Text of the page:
Authorities in China are continuing to crack down on activities linked to cryptocurrencies which they consider illegal. The country’s top economic planning body has clearly indicated it intends to go after large-scale cryptocurrency mining taking place at government-operated industrial facilities.
State Firms Mining Crypto in China to Face Higher Electricity Bills
China’s National Development and Reform Commission (NDRC) announced Tuesday it plans to concentrate on the “comprehensive rectification” of state-run industrial enterprises involved in the extraction of digital currencies. The initiative is part of an ongoing crackdown on crypto-related operations that are banned in the People’s Republic.
The economic planner cited concerns over energy waste associated with crypto mining as well as financial activities linked to cryptocurrencies, reiterating these are deemed illegal in China. Virtual currency does not have the same status as legal currency, the commission emphasized, quoted by CGTN, the international arm of the national broadcaster, CCTV.
The NDRC noted that the disruption of crypto mining activities at state-owned companies will facilitate the optimization of China’s industrial structure. The commission also believes this will boost energy conservation and the reduction of emissions while helping the nation to achieve its carbon neutrality goals on schedule.
Digital coin minting consumes a lot of energy, the planning body further remarked. In order to discourage government-run entities from spending a lot of power on it, those that are now using subsidized electricity for crypto mining may face higher electricity rates in the future. Meng Wei, a spokesperson of the NDRC, revealed at a press conference that the commission intends to study the possibility of levying “punitive” tariffs as part of its preventive measures.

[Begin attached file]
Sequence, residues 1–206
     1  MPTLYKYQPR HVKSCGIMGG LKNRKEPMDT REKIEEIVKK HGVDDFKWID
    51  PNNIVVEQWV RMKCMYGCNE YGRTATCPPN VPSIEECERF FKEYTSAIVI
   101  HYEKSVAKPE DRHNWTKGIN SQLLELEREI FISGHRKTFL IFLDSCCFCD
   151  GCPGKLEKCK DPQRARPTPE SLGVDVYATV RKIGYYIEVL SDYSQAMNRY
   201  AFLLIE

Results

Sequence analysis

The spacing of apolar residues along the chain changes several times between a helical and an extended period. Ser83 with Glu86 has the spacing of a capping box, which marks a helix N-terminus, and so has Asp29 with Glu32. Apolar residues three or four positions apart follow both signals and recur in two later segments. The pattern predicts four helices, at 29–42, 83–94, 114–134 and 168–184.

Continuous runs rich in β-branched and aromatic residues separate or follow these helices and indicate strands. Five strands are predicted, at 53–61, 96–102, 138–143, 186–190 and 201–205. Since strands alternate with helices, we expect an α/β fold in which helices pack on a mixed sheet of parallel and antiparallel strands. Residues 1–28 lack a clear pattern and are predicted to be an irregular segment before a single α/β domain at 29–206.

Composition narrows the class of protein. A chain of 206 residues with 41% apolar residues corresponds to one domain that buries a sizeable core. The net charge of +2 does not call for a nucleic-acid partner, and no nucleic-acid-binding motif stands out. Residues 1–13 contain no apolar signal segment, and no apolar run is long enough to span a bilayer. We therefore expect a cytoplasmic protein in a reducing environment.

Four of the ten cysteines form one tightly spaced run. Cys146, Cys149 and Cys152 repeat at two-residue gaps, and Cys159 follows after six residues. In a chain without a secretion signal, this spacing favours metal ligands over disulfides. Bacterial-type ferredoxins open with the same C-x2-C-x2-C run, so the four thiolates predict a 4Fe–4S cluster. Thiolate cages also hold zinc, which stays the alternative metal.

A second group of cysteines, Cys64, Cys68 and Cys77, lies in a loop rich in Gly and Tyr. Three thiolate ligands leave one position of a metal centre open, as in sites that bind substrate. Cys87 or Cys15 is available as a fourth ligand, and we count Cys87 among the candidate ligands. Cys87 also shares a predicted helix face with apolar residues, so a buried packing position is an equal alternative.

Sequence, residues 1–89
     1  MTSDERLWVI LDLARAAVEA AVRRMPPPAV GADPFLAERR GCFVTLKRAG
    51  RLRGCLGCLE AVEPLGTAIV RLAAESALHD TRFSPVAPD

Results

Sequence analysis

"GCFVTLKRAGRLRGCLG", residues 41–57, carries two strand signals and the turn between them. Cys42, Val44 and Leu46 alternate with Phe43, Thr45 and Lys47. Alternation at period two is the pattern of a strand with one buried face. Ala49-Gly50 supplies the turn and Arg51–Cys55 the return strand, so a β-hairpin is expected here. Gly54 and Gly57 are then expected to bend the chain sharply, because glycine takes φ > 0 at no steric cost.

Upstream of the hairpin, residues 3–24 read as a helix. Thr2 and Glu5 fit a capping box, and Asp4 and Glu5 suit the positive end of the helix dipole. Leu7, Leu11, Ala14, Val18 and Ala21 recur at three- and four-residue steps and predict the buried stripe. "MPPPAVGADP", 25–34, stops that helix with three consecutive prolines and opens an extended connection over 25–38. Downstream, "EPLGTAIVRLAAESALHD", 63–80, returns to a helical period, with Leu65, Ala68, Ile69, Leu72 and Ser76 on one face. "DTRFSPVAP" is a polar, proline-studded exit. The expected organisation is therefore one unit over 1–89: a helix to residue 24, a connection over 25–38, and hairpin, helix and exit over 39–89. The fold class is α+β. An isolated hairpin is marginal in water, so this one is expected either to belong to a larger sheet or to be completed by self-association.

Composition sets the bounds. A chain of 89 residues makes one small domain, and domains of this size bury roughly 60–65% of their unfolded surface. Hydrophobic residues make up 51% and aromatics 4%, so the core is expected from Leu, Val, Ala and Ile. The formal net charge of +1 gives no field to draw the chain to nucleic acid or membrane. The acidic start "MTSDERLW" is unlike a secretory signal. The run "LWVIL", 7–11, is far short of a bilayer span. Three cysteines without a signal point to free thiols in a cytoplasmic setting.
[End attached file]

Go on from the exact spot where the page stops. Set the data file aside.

In early October, the National Development and Reform Commission proposed to add cryptocurrency mining to the country’s latest draft of the “Negative List for Market Access,” jointly released with the Chinese Ministry of Commerce. The move would make the industry off-limits to investors. The 2020 edition of the list consists of 123 industries, as Bitcoin.com News reported.
China banned cryptocurrency trading in 2017 but authorities did not interfere with crypto mining until earlier this year. In May, the State Council, the cabinet of ministers in Beijing, clamped down on the sector following President Xi Jinping’s pledge for the country to achieve carbon neutrality in the next four decades. In September, the People’s Bank of China reiterated its hardline stance on cryptocurrencies.
Along with the signing of the infrastructure bill by U.S. president Joe Biden, which concerns crypto taxation, the latest announcement by the NDRC in China has likely influenced cryptocurrency markets, which shed billions of dollars in capitalization. Major cryptocurrencies fell on Tuesday, when the coin with the largest market cap briefly dipped below $60,000. Bitcoin ( $41,707.00 ) (BTC) is trading at a little over $60,500 at the time of writing.
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